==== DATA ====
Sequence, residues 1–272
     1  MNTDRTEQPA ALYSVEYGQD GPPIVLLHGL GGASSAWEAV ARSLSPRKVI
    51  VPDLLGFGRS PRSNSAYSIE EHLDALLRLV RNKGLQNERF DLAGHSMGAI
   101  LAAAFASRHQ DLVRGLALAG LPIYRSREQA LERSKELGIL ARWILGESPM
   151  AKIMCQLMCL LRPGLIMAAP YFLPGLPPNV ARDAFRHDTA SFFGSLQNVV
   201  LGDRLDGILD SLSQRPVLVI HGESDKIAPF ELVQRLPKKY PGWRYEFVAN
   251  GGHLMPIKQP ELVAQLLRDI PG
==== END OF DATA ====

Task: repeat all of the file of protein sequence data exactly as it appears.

Sequence, residues 1–272
     1  MNTDRTEQPA ALYSVEYGQD GPPIVLLHGL GGASSAWEAV ARSLSPRKVI
    51  VPDLLGFGRS PRSNSAYSIE EHLDALLRLV RNKGLQNERF DLAGHSMGAI
   101  LAAAFASRHQ DLVRGLALAG LPIYRSREQA LERSKELGIL ARWILGESPM
   151  AKIMCQLMCL LRPGLIMAAP YFLPGLPPNV ARDAFRHDTA SFFGSLQNVV
   201  LGDRLDGILD SLSQRPVLVI HGESDKIAPF ELVQRLPKKY PGWRYEFVAN
   251  GGHLMPIKQP ELVAQLLRDI PG